In England and Wales, a government organisation called the National Institute of Health and Care Excellence (NICE) publishes evidence-based guidelines for doctors about how to manage many illnesses and health conditions, including the NICE guideline for M.E.
In Scotland, the government has produced a guideline for doctors called the Scottish Good Practice Statement on M.E. There are no official guidelines for M.E. in Northern Ireland.
These guidelines say that doctors should consider diagnosing M.E. if a child, young person or adult has fatigue and all of the following apply:
They also set out what other symptoms should be present to make a diagnosis of M.E., and how long you should have the symptoms for before a diagnosis can be confirmed. A child or young person with M.E.-type symptoms should be referred to a paediatrician to exclude other conditions within six weeks of first going to see the doctor. A diagnosis should be made after other possible conditions have been ruled out, and the symptoms have persisted for three months. Advice on managing symptoms should not be delayed until a diagnosis is made.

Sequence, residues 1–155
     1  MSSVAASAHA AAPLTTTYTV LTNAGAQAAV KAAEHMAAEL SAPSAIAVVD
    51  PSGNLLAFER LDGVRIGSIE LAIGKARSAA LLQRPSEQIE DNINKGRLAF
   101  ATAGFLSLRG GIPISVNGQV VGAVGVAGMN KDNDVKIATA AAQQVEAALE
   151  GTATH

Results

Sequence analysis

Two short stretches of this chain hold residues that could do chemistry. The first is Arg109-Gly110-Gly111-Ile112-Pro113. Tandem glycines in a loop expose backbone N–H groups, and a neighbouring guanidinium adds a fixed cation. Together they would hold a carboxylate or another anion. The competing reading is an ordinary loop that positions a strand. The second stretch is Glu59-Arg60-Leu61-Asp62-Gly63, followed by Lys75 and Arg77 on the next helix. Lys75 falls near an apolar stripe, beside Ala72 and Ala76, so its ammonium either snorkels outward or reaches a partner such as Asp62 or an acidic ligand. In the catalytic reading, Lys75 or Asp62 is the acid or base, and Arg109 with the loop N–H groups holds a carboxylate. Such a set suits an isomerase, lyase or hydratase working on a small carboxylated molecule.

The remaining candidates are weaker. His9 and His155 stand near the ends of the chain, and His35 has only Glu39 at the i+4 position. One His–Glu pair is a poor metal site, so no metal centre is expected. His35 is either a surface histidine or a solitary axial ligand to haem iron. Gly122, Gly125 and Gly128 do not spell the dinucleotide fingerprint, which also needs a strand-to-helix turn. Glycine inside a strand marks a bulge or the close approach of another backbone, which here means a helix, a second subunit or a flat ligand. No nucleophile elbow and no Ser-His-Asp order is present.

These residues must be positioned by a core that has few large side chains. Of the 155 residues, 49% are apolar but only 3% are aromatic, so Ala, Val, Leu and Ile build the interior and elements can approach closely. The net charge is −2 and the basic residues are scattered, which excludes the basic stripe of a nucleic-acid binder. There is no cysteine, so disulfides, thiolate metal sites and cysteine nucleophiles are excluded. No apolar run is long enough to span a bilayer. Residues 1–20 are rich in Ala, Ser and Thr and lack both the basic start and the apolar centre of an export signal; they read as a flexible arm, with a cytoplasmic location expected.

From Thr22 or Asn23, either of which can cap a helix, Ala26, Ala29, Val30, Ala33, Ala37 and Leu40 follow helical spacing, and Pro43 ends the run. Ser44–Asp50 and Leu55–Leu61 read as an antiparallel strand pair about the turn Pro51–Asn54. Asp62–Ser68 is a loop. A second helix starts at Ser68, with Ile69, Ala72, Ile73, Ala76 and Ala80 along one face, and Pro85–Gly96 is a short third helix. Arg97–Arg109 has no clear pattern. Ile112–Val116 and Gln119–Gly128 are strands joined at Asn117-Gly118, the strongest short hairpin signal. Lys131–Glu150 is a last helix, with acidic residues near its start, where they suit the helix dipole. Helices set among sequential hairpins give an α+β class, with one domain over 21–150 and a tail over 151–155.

Guidelines also make it very clear that:
Because managing severe M.E. is complicated, the guidelines make it clear that specialist expertise is needed to plan for this. For example, they may need to use community services. The guideline also sets a realistic picture of what activities and long-term goals should be like for someone with severe M.E. (such as "sitting up in bed or brushing hair" as a long-term goal).
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